The Fascinating Phenomenon that is Andrew Keen

So Andrew Keen oozed his way on to the Colbert Report the other night and I just caught the video off the website.

For those unfamiliar with Keen he is the author of “The Cult of the Amateur: How Today’s Internet Is Killing Our Culture” a book in which he describes how the internet is making arts and media unprofitable. As innumerable blogs, and most notable, David Weinberger have documented, there are so many holes in Keen’s thesis it is hard to know where to start.

On the Colbert Report Keen cycled through some of his regulars. He correctly pointed out that certain types of media and arts are unprofitable because of the internet… and ignored how the internet has simultaneously given rise to a multitude of new ways for artist to earn a living. New business models are emerging. On the hilarious side, Keen briefly tried to argue that it was blogs and the internet – not American’s old media institutions such as CNN and FOX – that allowed the American public to be hoodwinked into believing there were weapons of mass destruction in Iraq. My god, blogs were the only place in the US where an honest discussion about Iraqi WMDs took place! I could go on… but why repeat what so many others have said.

What it interesting to me is that a phenomenon like Keen even exists. Why is it that we repeatedly listen to people who take a simple ideas and overextend it in illogical ways. Does anyone else remember the fear mongering 1994 book – The End of Work – about how “worldwide unemployment will increase as new computer-based and communications technologies eliminate tens of millions of jobs in the manufacturing, agricultural and service sectors”? Keen’s book is similar in that it nicely capture our society’s paranoias and fears about change (this time wrought by “web 2.0”).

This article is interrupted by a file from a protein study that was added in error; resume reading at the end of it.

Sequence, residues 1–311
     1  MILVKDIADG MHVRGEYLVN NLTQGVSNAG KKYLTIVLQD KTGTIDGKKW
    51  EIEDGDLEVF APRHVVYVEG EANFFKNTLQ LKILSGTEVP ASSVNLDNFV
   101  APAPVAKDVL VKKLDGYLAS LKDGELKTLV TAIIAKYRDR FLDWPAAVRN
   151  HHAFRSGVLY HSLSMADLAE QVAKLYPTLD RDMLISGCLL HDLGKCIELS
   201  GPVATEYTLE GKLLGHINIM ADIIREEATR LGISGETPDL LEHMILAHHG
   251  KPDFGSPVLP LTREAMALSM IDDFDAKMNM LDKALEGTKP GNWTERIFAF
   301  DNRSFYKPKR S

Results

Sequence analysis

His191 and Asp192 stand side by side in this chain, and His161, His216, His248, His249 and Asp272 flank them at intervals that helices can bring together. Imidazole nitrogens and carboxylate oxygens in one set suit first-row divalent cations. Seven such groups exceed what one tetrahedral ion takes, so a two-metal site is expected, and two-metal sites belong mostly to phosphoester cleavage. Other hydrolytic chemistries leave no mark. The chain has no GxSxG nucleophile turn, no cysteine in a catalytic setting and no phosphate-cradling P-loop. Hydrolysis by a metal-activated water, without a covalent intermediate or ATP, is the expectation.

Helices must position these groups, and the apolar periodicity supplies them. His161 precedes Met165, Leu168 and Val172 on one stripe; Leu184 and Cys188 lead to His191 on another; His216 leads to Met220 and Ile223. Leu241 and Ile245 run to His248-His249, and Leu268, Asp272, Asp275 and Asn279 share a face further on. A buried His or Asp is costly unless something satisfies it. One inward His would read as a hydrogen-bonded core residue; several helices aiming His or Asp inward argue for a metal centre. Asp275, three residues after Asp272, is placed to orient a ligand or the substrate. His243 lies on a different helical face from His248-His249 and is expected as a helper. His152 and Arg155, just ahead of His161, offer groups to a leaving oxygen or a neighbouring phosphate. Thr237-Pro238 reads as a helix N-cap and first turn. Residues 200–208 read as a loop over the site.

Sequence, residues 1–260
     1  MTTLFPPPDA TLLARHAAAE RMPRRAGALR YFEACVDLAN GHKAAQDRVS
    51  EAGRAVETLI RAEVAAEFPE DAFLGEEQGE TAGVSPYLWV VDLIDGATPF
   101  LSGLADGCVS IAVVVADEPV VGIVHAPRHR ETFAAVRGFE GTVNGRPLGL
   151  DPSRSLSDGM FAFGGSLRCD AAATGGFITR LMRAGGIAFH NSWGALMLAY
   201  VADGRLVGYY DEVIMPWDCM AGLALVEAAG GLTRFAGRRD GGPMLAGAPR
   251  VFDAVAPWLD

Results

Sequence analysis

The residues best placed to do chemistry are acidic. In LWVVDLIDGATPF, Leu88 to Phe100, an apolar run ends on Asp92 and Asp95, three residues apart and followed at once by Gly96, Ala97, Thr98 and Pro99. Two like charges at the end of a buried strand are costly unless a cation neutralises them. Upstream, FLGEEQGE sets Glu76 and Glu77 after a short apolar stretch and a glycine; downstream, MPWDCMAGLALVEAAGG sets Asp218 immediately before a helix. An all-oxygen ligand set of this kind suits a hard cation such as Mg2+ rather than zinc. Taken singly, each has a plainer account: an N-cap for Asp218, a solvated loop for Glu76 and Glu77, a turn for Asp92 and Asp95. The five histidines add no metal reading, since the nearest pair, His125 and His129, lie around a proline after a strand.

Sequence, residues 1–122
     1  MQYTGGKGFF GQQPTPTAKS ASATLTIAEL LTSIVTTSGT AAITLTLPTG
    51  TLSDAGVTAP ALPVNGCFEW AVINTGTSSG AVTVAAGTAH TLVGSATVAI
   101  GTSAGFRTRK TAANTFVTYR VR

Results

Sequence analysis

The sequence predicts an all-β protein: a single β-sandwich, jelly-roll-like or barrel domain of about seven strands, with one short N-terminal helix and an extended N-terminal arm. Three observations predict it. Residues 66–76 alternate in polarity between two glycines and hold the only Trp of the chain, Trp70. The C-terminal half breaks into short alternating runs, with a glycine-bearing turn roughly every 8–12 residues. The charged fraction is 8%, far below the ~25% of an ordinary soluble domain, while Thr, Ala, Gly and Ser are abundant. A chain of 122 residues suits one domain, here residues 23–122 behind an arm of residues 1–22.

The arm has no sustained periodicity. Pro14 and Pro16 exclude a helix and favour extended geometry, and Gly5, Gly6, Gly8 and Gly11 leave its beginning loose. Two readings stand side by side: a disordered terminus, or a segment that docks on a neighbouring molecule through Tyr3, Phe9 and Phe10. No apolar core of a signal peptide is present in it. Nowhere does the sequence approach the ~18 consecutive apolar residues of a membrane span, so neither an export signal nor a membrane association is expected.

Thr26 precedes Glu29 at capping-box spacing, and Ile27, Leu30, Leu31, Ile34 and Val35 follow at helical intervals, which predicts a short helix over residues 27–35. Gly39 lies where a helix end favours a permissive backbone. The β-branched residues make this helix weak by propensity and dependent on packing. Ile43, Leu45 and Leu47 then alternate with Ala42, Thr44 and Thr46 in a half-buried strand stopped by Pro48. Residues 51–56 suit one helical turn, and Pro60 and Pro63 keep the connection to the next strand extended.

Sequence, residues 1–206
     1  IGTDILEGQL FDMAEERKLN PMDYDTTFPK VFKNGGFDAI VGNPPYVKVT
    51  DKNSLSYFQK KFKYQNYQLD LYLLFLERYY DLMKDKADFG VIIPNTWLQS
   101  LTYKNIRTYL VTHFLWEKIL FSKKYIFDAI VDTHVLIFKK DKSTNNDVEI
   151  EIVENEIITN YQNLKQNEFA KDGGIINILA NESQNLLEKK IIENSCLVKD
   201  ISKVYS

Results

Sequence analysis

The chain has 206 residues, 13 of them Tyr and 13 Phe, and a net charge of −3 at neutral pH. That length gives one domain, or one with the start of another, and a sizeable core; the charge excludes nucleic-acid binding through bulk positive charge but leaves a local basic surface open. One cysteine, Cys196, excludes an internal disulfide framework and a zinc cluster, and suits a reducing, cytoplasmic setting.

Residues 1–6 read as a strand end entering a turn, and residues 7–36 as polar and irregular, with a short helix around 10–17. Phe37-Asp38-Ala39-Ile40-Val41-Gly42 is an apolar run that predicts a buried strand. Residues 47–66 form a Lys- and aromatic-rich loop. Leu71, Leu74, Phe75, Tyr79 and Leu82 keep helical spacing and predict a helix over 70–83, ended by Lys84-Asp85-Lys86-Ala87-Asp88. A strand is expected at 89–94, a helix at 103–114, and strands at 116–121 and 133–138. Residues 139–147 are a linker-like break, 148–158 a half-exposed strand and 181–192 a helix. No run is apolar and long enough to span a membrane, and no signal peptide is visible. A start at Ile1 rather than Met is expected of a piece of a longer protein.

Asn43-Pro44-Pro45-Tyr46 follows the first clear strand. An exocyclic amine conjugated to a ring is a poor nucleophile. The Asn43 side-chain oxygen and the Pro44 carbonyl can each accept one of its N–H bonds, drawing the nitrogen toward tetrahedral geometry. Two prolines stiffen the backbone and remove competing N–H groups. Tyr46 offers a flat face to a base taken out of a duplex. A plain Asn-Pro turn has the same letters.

Interestingly I think Keen is a necessary and positive phenomenon. Indeed, Keen exists, is championed and raised up on a pedestal not because he is right, but because is so glamorously wrong. Societies need Keen so that his arguments can be publicly destroyed in a manner that satisfies even the strongest doubters. In this case, Keen’s book helps advance the larger narrative of how centralized authorities that offer the illusion of certainty are collapsing in the face of probabilistic networks that offer a reality of uncertainty. This narrative is hardly new – books that preceded “The Cult of the Amateur” like “The Long Tail” and “Free Culture” more than aptly dealt with Keen’s arguments, they just didn’t do it publicly enough. The publics’ appetite to understand and hear this debate is merely climaxing and has not yet been sated.

The San Francisco Chronicle is right to say “every good movement needs a contrarian. Web 2.0 has Andrew Keen.” Sometimes being contrarian is about offering a valuable insight and keeping the debate honest. And then, sometime its about encapsulating the worst fears, insecurities, and power dynamics of a dying era so that a society can exorcise it. I guess it’s a role someone has to play, and Keen will be well rewarded for it… as his book is reviewed and sold, online.

(NB: If you are looking for a good book on the internet, skip The Cult of the Amateur and consider David Weinberger’s Small Pieces Loosely Joined or Everything Is Miscellaneous: The Power of the New Digital Disorder they are both excellent).

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